Tuesday, March 25, 2014
Evolution of Beginnings - Writers Keeping Up With Readers
I’ve talked about beginnings of novels before but recently I’ve seen a few articles on a different angle and had someone ask me how beginnings have changed over the eons of writing. Had another someone, reading an Ebook, comment he didn’t have time to read works like War and Peace because its length depended mainly on long introductions and pages and pages of description that goes on at length about a tilt of a head or small gesture. (you might pop over to Em’s Talkery and see the short video of writer/dancer Emily Frankel and actor John Cullum discussing Tolstoy if you’re interested).
It got me to thinking, and reading, and thinking some more.
Here’s the thing. Each way of writing is correct for the era it’s written in. The old classics are mostly filled with long descriptions, some with flowery prose, and the like. It was a different time. And it lingered that way for quite a while. The writer would feed the reader a whole backstory right in the beginning to set the stage. They’d provide lots of description to give a feel for place and time.
Then along came big changes. First films came into being. They leaned heavily on literature for input and method during their infancy.
But things kept changing. Stories got tighter. One script page equals about one minute on screen. Stories had to fit into a timeframe.
And that’s not all. People began living at a much faster pace. The movies weren’t the only ones evolving.
Novels, once the great influence on movies were now being greatly influenced BY them.
Readers really are no longer interested in long narratives at the beginning. In fact they don’t have time for them and don’t like them.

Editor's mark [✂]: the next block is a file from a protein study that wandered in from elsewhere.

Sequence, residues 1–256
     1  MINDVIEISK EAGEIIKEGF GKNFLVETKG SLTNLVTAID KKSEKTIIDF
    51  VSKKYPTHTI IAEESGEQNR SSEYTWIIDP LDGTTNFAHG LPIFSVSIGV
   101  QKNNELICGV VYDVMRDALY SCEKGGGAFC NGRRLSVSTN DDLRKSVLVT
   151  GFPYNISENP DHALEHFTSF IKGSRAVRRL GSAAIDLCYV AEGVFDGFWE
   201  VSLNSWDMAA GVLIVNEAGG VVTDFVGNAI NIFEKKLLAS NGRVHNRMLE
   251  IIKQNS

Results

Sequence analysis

The reader wants to be thrown right into the story.
Because of that the writer must evolve and adapt. Get the story moving already; backstory and description (minimal) can be woven into the story as it moves forward. Just provide enough information to trigger the reader’s imagination and that reader will fill in many gaps.
The cover of a book and the first couple of pages must grab the reader immediately or that Ebook gets passed over, the hard copy book put back on the shelf. Last I read the cover gets about 3 seconds, the reading of the first page scant more before the prospective reader makes a decision.
The same applies to script really. Those first few lines better grab the reader or it gets tossed quickly aside.
People are reading on Ereaders, smart phones, tablets and of course still in print. All modes are affected.
Writing and reading are evolving – have evolved – and will continue to evolve. The smart writer keeps up with the times, continuing to evolve with the reader. If you don’t. If you insist on writing in the footsteps of Tolstoy or any of the great writers of bygone eras you risk your book being put back on the shelf – that is, if it’s made it to publication which right now would be doubtful unless you’ve published it yourself.
Yes, beginnings are changing, stories are evolving, but I like it.
What about you?